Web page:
The parties were in the process of getting divorced. Their two adult sons filed a petition so they could personally be involved in the divorce. They wanted to be sure their college expenses would be paid as part of the divorce.
Their parents had not yet finalized anything about educational expenses for the two sons. That had to be done first. Before the sons could enforce their rights in any manner.
They asked for an attorney to be appointed to represent them. If they can’t represent themselves. Statute 513 provides for college expenses.
An attorney can be appointed to represent minor children. If that is necessary for some reason. But the statute does not apply to adult children.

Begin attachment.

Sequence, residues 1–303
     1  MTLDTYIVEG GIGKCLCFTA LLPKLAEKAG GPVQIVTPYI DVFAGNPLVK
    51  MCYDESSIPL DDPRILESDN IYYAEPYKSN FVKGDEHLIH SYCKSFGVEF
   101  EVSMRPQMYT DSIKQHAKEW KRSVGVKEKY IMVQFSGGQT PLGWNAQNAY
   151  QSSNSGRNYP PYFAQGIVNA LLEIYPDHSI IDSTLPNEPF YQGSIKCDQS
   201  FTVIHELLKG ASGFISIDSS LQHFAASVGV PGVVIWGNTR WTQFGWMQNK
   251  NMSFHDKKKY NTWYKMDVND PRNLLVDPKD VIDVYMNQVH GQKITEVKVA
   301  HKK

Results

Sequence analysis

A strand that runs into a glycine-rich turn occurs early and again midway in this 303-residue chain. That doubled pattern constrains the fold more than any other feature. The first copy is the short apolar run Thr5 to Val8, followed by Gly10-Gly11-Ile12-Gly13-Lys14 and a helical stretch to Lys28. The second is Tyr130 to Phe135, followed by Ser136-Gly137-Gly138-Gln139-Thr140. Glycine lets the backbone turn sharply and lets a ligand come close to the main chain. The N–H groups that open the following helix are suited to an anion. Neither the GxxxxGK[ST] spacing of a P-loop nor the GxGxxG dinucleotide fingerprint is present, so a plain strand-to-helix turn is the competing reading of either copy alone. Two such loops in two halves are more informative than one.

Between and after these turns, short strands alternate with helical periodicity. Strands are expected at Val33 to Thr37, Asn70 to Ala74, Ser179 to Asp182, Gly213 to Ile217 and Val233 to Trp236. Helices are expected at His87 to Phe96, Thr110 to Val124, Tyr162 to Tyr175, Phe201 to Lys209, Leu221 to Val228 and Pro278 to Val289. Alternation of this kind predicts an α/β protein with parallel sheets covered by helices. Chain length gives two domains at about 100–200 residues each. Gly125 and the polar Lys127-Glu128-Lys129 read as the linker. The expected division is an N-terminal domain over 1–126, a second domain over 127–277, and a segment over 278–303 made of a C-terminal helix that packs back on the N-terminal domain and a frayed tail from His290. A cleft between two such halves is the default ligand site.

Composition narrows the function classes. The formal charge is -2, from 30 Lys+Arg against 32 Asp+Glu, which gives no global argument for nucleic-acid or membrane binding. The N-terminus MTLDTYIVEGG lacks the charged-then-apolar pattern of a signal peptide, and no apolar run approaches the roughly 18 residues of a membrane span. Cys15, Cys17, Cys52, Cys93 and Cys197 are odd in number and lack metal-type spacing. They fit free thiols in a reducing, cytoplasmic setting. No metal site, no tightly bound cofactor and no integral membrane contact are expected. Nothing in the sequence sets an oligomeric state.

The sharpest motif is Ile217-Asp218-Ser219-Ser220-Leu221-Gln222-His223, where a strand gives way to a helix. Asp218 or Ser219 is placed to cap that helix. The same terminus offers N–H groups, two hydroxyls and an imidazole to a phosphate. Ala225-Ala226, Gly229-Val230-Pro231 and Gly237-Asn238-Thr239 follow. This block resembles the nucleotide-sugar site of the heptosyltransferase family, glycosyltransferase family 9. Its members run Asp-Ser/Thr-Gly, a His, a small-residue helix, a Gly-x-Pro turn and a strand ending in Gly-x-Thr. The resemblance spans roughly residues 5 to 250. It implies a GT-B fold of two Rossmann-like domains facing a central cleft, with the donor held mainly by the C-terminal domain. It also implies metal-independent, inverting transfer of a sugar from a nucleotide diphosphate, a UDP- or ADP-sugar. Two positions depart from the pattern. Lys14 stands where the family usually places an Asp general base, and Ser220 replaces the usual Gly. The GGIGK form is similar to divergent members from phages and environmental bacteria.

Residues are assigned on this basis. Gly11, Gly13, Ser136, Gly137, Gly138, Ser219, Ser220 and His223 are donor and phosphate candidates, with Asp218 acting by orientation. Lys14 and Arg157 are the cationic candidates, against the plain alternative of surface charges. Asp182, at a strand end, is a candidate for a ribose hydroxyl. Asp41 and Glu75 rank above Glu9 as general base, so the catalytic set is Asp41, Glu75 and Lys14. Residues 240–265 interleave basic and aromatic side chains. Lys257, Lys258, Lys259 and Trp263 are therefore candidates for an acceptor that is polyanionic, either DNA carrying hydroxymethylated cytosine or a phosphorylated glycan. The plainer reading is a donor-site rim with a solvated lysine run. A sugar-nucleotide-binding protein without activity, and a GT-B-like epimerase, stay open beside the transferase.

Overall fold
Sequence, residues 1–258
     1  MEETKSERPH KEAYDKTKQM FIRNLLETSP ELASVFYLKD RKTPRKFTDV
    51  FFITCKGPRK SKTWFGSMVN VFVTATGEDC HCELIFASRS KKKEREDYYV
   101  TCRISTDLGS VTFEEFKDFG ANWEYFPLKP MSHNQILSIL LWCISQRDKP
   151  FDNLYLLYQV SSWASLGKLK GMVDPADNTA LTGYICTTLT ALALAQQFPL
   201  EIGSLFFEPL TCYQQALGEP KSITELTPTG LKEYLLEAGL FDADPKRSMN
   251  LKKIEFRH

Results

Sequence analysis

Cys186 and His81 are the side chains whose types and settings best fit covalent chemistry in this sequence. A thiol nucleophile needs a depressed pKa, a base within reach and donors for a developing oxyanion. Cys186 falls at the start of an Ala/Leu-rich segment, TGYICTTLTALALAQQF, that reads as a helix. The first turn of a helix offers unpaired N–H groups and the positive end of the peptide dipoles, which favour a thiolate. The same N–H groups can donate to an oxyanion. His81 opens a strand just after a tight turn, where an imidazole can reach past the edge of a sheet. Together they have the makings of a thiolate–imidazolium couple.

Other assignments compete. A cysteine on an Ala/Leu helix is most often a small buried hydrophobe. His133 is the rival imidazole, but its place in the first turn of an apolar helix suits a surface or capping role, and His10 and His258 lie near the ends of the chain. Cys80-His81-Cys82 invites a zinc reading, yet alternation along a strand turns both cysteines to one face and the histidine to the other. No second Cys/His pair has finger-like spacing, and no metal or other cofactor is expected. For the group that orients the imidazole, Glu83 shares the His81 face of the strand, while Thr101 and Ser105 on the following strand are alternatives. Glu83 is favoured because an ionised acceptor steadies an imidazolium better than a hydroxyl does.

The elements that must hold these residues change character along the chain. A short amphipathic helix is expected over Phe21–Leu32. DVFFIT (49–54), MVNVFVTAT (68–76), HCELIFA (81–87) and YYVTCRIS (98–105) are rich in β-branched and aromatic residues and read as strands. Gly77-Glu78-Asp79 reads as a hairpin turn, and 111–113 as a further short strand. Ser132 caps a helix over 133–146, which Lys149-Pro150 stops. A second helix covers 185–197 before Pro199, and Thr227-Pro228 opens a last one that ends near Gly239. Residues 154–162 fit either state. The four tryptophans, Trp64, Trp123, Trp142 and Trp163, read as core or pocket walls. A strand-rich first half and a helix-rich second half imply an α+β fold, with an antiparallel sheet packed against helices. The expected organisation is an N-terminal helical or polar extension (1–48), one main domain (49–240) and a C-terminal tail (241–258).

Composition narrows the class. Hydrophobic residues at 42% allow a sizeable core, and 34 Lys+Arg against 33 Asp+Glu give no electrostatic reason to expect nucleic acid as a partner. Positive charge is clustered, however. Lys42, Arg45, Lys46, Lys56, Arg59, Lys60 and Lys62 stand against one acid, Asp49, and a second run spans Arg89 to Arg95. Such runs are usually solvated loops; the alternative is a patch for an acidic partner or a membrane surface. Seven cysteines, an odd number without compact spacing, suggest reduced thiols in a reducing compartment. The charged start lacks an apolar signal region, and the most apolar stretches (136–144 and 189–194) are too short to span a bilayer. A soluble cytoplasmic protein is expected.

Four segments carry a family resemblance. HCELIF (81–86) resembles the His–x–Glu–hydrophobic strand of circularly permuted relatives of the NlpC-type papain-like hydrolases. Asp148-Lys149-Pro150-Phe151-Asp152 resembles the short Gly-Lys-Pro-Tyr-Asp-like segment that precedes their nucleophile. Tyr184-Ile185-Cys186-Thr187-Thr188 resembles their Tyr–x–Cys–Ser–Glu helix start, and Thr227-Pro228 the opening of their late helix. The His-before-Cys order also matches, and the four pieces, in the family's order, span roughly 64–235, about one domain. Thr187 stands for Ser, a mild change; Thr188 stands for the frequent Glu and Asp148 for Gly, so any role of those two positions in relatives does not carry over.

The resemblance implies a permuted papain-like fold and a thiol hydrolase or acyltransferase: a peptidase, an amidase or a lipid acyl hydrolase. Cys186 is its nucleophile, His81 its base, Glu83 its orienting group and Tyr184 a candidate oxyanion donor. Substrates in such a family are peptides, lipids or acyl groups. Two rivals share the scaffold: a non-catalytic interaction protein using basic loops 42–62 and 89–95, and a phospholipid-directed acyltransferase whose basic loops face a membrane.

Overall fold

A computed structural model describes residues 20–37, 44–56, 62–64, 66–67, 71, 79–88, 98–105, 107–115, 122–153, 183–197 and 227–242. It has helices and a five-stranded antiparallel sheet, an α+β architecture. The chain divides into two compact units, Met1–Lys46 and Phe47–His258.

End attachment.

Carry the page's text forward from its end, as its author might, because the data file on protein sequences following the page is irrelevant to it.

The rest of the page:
Their mother was capable of adequately representing their interests. Her petition in court said that the sons had substantial funds set aside already. Also, she alleged that the father had financial resources to pay all of the children’s educational expenses. She requested that the father pay such expenses without contribution from the children.
The children were third-party beneficiaries. They were direct beneficiaries. The divorce settlement will be considered a contract when it is done.
They could enforce the obligations for their benefit from that contract. That would be a breach of contract action.
Father may argue that he does not have a good relationship with his children. He may argue that this should get him off the hook to pay educational expenses. But a parent’s obligation is not conditioned that way. It does not require a continued good relationship between parent and child.
IRMO VONDRA, 2013 IL App (1st) 123025.
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